As a member of Queen he was posthumously inducted into the Rock and Roll Hall of Fame in 2001 and the UK Music Hall of Fame in 2004, later winning the Grammy Award for Lifetime Achievement with the band in 2018, while individually inducted into the Songwriters Hall of Fame in 2003. The British band won a BRIT Awards for outstanding contribution to music in 1990, an award that was presented directly to Freddie Mercury in 1992, just months after his death. The frontman also won a number of Ivor Novello Awards during his career: he was honored with the Songwriter Award for Killer Queen in 1975, for Best British Single in terms of sales with Bohemian Rhapsody the following year, for Outstanding Contribution to British Music in 1987, for Best Single for These Are the Days of Our Lives in 1992, for Best International Single for Living on My Own in 1993, and for Outstanding Song Collection in 2005. In 2002, Queen also received a star on the Hollywood Walk of Fame.

Mercury's untimely death contributed to the growth of Queen's fame around the world; in the United States, a nation that had opposed the band since the 1980s, sales of the British group's records increased considerably in 1992, after the singer's death; one U.S. critic observed that what cynics like to call the "deceased star" factor had entered the picture, and in this way Queen spent a period of renaissance. According to the Recording Industry Association of America, Queen has sold about 35 million albums in the United States, about half of them distributed since Mercury's death. The British band's total sales are estimated at about 300 million records sold, becoming the band in the UK that has been on the UK Albums Chart longer than anyone else; Greatest Hits is the best-selling album ever in Britain with over 6 million copies sold (over 25 million worldwide), joined in the Top10 by Greatest Hits II.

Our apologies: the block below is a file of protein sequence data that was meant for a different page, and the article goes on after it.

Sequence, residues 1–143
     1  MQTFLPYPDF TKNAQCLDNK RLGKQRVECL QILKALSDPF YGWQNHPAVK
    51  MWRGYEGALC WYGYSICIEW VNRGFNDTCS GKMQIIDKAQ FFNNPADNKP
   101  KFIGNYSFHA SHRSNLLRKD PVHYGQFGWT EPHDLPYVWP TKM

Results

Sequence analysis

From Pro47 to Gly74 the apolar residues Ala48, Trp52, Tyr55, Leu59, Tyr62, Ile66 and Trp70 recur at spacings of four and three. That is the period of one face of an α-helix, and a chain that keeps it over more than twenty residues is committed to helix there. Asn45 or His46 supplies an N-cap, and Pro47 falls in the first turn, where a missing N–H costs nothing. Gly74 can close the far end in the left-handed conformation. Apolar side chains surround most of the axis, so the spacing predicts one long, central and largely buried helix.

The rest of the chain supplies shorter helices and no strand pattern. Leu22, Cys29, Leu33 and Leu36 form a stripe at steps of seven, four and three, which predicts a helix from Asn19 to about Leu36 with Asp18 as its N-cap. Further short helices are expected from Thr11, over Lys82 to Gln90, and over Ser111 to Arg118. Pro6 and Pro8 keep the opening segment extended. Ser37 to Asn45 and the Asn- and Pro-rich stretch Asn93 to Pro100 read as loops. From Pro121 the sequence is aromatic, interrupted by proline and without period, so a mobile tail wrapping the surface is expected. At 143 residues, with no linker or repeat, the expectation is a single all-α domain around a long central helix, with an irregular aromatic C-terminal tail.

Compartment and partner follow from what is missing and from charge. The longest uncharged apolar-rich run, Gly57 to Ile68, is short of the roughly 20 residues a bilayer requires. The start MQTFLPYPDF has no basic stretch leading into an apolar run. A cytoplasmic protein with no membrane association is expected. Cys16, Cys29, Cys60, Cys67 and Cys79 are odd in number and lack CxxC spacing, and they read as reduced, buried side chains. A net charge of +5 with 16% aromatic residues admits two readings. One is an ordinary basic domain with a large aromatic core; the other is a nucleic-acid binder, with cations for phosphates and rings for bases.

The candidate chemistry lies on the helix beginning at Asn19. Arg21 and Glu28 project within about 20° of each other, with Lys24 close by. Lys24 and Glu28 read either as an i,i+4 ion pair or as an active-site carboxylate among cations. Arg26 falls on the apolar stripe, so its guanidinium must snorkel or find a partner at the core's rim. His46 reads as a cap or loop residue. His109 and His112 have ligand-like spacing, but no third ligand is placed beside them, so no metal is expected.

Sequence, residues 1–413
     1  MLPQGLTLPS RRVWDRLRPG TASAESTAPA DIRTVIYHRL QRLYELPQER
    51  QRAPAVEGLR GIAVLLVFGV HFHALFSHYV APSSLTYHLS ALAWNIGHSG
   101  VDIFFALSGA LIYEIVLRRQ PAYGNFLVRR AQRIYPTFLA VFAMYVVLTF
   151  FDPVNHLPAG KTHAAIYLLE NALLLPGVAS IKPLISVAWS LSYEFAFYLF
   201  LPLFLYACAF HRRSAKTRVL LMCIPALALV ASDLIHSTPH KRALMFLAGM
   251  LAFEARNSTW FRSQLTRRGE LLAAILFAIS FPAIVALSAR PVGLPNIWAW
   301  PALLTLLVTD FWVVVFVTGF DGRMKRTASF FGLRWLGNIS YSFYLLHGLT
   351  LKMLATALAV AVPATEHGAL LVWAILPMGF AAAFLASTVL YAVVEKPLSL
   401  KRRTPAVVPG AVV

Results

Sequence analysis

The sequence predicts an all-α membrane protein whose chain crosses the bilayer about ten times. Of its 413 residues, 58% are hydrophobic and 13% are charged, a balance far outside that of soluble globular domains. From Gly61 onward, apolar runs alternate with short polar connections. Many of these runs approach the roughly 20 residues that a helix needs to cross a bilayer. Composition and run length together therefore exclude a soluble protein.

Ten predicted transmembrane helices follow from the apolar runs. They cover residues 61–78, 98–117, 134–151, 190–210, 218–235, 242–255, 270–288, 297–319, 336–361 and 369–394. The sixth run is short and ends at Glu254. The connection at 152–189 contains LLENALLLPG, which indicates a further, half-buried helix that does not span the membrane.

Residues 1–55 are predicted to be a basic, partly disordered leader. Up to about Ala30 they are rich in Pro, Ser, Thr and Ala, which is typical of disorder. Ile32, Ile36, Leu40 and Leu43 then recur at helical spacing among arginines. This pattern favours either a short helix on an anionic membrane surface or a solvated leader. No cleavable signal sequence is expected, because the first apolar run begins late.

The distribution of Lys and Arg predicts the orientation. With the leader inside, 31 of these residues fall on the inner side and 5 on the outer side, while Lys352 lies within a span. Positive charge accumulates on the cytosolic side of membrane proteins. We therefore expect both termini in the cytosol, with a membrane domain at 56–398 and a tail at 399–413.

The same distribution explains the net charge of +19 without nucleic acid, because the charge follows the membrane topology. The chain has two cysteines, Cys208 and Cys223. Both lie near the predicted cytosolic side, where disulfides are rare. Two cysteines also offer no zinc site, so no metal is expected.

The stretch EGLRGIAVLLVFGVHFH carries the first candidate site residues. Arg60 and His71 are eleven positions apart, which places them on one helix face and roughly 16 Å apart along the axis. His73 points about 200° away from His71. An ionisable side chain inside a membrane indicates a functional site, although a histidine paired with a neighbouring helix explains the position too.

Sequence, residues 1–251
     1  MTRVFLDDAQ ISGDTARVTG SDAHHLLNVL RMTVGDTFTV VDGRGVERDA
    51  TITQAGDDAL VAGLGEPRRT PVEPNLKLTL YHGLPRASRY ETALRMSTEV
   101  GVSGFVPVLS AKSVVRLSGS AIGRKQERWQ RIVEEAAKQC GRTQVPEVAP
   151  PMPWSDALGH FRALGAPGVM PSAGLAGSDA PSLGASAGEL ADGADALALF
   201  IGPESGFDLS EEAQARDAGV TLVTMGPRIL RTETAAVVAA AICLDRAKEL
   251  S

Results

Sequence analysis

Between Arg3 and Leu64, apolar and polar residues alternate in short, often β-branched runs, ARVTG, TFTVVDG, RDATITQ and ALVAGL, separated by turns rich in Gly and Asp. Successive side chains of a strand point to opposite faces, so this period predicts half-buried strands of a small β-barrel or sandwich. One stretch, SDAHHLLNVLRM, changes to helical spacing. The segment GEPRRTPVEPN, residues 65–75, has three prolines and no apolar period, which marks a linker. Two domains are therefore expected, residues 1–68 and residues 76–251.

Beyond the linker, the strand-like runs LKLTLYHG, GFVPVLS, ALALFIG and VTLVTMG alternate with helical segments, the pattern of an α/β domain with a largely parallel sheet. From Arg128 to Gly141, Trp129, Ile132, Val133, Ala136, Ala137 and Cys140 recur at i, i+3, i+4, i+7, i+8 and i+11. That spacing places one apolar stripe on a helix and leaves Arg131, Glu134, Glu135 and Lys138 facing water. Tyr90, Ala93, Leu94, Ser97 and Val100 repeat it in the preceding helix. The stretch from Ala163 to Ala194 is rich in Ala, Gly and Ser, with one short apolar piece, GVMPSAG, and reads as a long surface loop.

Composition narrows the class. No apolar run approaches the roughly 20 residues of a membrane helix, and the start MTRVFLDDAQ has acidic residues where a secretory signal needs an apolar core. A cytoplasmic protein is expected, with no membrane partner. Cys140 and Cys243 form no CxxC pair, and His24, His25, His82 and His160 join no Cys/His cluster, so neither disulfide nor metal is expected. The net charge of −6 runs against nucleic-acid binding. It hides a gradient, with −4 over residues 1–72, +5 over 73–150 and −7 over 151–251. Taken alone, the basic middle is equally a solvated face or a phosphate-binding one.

Mercury was an inspiration to many singers and musicians of various genres, nations and generations; among those who have stated that they partly drew inspiration from the British frontman in their use of vocals, composition of musical lyrics or public performances are Sebastian Bach, Jeff Buckley, Cesare Cremonini, Frankie Goes to Hollywood, Katy Perry, Dave Grohl, George Michael, Seal, Right Said Fred, Yeah Yeah Yeah Yeahs, Robbie Williams, Even Michael Jackson, a friend of Freddie Mercury's in the early 1980s, cited Hot Space as inspiration for Thriller, an album on which the British frontman himself was to appear.

Tributes